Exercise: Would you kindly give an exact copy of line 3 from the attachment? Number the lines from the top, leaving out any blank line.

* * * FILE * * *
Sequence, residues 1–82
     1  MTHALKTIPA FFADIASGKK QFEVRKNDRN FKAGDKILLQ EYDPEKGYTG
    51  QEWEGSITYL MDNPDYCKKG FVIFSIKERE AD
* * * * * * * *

    51  QEWEGSITYL MDNPDYCKKG FVIFSIKERE AD